**Solution to Abstract Algebra by Dummit & Foote 3rd edition Chapter 2.3 Exercise 2.3.19**

Show that if $H$ is a group and $h \in H$, there exists a unique homomorphism $\varphi : \mathbb{Z} \rightarrow H$ such that $\varphi(1) = h$.

Solution:

Existence: Define $\varphi(n) = h^n$. We need not worry about well-definedness for $\varphi$. For all $m,n \in \mathbb{Z}$, we have $$\varphi(m+n) = h^{m+n} = h^mh^n = \varphi(m)\varphi(n),$$ so that $\varphi$ is a homomorphism.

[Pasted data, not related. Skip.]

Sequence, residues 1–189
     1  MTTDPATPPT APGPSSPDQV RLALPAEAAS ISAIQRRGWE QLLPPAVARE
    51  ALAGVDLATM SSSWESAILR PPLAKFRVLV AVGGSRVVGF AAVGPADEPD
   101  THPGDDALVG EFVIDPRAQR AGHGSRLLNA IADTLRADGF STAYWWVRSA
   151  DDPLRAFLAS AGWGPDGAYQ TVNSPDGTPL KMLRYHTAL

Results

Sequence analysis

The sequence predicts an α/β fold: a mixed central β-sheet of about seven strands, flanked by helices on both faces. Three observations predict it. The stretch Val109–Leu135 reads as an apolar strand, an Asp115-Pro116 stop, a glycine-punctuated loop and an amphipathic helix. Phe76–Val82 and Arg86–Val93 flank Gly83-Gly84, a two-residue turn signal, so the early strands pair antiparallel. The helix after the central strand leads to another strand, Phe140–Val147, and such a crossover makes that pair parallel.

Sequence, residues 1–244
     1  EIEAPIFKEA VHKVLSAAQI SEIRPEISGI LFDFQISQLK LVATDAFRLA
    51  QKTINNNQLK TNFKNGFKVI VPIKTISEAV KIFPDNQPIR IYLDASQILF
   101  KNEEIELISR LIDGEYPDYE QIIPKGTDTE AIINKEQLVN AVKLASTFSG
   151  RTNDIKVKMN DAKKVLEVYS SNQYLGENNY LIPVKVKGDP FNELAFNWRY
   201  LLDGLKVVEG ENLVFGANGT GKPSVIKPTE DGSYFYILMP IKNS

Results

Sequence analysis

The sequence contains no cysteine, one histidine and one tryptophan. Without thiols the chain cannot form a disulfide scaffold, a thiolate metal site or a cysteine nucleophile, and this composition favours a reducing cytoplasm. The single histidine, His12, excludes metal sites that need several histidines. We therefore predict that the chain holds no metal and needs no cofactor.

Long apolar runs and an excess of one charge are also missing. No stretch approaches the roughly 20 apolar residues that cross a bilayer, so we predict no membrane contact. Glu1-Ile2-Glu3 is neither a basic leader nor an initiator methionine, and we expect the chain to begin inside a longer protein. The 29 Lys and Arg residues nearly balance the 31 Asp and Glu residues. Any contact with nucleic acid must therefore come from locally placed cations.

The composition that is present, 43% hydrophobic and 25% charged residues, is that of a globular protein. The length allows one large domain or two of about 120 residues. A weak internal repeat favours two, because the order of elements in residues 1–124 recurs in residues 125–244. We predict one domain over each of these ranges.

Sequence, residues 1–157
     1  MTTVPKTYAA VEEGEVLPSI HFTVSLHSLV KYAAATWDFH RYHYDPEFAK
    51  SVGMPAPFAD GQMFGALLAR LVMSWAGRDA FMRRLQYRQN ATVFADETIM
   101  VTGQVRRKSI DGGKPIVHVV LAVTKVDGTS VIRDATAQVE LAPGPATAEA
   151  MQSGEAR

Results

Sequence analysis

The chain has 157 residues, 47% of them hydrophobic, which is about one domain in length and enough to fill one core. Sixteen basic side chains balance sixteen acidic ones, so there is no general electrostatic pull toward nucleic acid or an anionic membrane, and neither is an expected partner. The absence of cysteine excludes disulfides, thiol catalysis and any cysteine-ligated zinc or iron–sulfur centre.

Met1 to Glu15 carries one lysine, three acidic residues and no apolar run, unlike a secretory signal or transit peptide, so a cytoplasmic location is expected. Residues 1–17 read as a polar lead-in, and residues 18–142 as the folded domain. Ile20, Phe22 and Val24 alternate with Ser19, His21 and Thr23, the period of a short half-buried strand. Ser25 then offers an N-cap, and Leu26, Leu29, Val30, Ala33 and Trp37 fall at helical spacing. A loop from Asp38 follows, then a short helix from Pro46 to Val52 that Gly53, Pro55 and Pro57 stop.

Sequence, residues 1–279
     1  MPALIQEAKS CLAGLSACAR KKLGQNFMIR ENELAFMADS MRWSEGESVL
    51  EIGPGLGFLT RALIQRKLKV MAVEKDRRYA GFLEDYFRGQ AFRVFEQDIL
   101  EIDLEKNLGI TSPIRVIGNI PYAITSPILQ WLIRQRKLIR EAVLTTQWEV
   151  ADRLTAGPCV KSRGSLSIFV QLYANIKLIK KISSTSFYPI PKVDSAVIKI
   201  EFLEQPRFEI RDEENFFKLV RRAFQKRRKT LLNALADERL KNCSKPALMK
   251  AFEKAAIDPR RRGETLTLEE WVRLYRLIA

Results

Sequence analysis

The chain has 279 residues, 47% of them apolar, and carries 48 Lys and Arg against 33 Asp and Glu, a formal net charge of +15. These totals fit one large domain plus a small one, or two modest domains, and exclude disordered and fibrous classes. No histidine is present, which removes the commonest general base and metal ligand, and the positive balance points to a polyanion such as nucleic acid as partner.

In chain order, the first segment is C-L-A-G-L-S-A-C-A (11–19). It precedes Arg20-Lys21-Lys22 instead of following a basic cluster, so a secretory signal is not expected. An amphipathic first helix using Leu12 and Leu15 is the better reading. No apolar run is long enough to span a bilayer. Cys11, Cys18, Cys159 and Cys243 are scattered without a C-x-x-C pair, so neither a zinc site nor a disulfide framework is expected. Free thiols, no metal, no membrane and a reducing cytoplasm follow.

Uniqueness: Suppose we have another homomorphism $\psi$ such that $\psi(1) = h$. Then $$\psi(n) = \psi(n \cdot 1) = \psi(1)^n = \varphi(1)^n = \varphi(n),$$ so that $\psi = \varphi$ and so $\varphi$ is unique. (Keep in mind that we write $Z$ additively and $H$ multiplicatively.)